There may also be costs to debt settlement. If you work with a professional debt settlement company, you’ll pay a fee. Also, the canceled debt is considered taxable income by the IRS unless you’re insolvent. Most people who go through a debt settlement program are insolvent—meaning you owe more than you own—and don’t owe taxes on their forgiven debt.

Debt settlement could help you put your debts behind you. 

Simplifying your bills through medical debt consolidation

Another debt relief option that might save you money is medical debt consolidation. It can also make it easier to keep track of your monthly bills.

Debt consolidation involves rolling multiple debts into one. Simply put, you’d take out a new loan to pay off old debts. That way, you’d have a single monthly payment instead of several.

Debt consolidation can help you handle both medical and non-medical debt. 

Debt consolidation can simplify payments and make them more affordable. In some cases, you can lower the interest rates on your debt. You might also stretch repayment over a longer period to lower your monthly payment.

Options for medical debt consolidation include loans and low- or zero-interest balance-transfer credit cards. Only consider a balance transfer if you have a plan to pay off the debt before the promotional interest rate expires, or your debt could get a lot more expensive. The goal is to find interest rate and repayment period terms that are favorable enough to make your monthly payments affordable.

Choosing between medical debt settlement and consolidation

Both debt settlement and debt consolidation can make your monthly payments more affordable. So which is the better choice?

Debt settlement involves creditors canceling part of your debt. There is no minimum credit score required, and you could end up paying less overall compared with debt consolidation. There is usually some credit score damage, although medical debt gets special treatment. Debt settlement is appropriate if you have a financial hardship that makes it difficult or impossible to pay off all of your debts in full.

Debt consolidation requires that you have a good enough credit score to qualify for a new loan. You’ll pay off your debts in full. The loan won’t hurt your credit score unless you pay late or default.  

Getting started: Steps toward medical debt relief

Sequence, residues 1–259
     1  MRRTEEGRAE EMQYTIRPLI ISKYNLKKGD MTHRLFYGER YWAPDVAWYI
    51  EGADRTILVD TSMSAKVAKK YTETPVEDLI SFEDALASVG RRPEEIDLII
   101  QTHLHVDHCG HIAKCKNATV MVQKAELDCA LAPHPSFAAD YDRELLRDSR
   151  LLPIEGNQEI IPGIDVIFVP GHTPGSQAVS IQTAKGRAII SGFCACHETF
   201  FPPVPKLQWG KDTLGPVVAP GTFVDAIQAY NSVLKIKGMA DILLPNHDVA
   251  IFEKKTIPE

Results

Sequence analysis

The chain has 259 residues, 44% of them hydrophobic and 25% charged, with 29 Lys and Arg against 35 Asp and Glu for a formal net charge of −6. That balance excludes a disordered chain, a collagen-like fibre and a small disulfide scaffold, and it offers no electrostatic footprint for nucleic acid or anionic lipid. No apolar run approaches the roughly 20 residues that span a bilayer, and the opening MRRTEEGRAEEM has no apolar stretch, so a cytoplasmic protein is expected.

Any debt relief option you choose is likely to be more effective the sooner you begin. Here are some steps to help you get started:

  1. LIst your debts and all the details about each account.

  2. Make a budget and figure out how much you can afford to pay toward your debts.  

  3. Review your debt relief options. It might help to talk to a debt expert.  

  4. Choose the option that looks best for your situation. 

  5. Commit. Getting rid of debt is rarely quick or easy. But you can do it.

Frequently Asked Questions

How long do medical debts stay on my credit report?

Medical debt is treated different from other debts. Medical debts aren’t reported on your credit report until they’ve been unpaid for a year. Then, medical collection accounts under $500 or that have previously been paid should be removed from your credit report. 

Can I be sued for unpaid medical bills?

Yes, you can be sued for unpaid medical bills. But it shouldn’t be a surprise. Lawsuits cost debt collectors money, so they’ll generally try to connect with you for payment many times before they file a lawsuit. Don’t ignore them. You have rights when you deal with collection agencies, but debts don’t go away on their own.

What should I do if I’m overwhelmed by medical debt?

Get help as soon as possible. Many people have been through this, and credit counselors and debt relief specialists are experienced in helping people. They can help you understand your options and guide you toward a solution. The sooner you start, the better those solutions are likely to be.